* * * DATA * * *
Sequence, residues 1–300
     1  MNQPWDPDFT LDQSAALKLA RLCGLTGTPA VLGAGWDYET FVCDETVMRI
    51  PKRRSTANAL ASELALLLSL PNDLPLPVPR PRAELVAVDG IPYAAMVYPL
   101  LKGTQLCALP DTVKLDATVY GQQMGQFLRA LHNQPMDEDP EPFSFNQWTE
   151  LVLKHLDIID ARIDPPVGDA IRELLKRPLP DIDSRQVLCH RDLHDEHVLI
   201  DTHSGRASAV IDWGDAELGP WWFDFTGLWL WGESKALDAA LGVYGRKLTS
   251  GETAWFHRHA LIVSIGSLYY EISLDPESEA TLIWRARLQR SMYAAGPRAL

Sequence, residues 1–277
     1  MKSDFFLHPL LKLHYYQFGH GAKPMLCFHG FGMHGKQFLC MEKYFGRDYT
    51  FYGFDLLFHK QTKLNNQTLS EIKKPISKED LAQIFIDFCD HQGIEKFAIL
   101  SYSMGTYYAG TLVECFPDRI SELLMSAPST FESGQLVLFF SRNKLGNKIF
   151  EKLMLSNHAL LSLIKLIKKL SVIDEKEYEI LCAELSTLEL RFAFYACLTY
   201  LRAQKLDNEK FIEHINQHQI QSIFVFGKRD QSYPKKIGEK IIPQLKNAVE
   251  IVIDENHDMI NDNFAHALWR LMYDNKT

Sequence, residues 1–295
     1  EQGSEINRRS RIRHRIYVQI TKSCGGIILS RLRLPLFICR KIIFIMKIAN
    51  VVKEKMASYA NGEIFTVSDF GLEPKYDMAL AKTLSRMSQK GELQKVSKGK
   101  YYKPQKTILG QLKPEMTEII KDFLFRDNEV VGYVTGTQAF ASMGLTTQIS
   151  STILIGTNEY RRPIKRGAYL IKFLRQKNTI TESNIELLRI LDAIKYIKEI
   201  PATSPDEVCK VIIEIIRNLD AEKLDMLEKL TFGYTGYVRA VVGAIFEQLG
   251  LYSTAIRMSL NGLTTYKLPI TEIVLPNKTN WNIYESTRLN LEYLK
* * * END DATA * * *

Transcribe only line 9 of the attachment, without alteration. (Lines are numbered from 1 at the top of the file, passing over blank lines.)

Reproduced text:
     1  MKSDFFLHPL LKLHYYQFGH GAKPMLCFHG FGMHGKQFLC MEKYFGRDYT